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Downsized Represents an Upgrade in Episodic Drama

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[show=downsizedshow size=large]Serving more as meditations on a theme than an episodic adventure, Downsized is a sometimes moving portrait of humanity dealing with the consequences of tough economic times. It’s tempting to classify the series as a production of the recession, but there’s a timeless quality to Downsized, thanks in part to the emphasis on the characters in each vignette.

Created by New York-based actress Daryn Strauss, who also acts in the first episode, Downsized premiered last summer on YouTube (though distribution via Strike.TV and DailyMotion has begun over the last two months).

Each episode focuses around an new set of characters trapped by financial circumstances with broader implications, whose lives are often touched by the occasional burst of absurdity to liven things up. The heavily handheld filming and editing style by Chris Shimojima invokes a documentary feel without pushing the narrative into a fauxumentary place; instead, it just adds to the intimacy of the episodes.

According to a director’s statement on the site, the bulk of Strauss’s cast come from an on-camera master acting class, and while the quality of the acting is occasionally a bit uneven (Chris Henry Coffey as the uptight businessman from episode 2, for example, lacks a third dimension), there are moments which truly sing. The latest episode, for example, depicts the bitter relationship between an ex-wife and husband: “And you wonder why we divorced, when you recall our marriage in assets,” she snipes early on.

There’s an empathetic nature to the writing that doesn’t necessarily flinch from revealing a character’s darker side; the only possible critique is that most of the episodes have an unfinished quality to them, which in some instances can leave the scenes feeling like just that — scenes from an acting class, showcasing performance over story. The brevity is well-executed, but slightly more complete narratives could be told.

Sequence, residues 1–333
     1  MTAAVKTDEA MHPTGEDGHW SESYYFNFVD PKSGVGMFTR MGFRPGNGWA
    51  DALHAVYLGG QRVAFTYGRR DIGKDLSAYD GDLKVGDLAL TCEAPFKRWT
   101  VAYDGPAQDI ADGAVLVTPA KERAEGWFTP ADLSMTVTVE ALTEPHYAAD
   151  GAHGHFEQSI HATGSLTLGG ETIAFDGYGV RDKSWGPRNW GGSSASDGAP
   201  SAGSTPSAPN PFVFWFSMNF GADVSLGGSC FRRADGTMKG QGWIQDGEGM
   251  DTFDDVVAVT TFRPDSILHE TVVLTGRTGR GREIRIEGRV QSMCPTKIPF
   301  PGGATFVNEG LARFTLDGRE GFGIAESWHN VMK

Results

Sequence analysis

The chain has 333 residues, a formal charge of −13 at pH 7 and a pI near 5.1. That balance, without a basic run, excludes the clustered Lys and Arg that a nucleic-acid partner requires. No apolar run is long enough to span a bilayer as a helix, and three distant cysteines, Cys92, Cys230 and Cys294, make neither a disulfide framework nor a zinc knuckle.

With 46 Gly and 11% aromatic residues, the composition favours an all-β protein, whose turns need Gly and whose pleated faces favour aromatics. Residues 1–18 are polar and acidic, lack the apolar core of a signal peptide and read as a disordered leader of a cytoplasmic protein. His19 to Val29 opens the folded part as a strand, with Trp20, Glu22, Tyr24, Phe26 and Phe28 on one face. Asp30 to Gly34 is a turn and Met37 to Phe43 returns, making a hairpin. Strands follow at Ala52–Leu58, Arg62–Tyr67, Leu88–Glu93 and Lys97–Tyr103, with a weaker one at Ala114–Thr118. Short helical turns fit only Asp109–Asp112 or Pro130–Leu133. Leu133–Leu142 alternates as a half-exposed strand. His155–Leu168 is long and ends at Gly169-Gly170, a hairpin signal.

However, that isn’t meant to draw away from the impact many of these episodes have; while more touches of humor could be included, the overall series reflects a fresh and strong voice, which is an impressive feat for a creator who’s switching between so many different subjects and characters. Downsized may not be the most marketable of series. But as a talent showcase, it excels.

5 Responses to “Downsized Represents an Upgrade in Episodic Drama”

  1. Can someone explain the writing of this show and what makes it interesting? It makes no sense to me. Did the writer ever have a job in an office? Seriously, who watches this stuff? Really? Do people sit in cubicles all day waiting to go home and watch this on YouTube? And do they get excited or entertained? No really… Explain it. Guy squeaking with a sock puppet makes no sense. White walls. Another sterile office environment. The dialogue is bad. The concept is inaccurate and from what I can see it looks like a high school video project. Guys! Stop shaking the video cameras. Put the camera on a fluid head. Learn how to shoot. Is this what we should come to expect in the future of television? Hey, make no mistake… It’s great people are out making videos. But do we have to pretend all content is “content”? I mean, can’t ya keep the Youtubers separated from the professionals?

    Video Killed Everything. I’m convinced.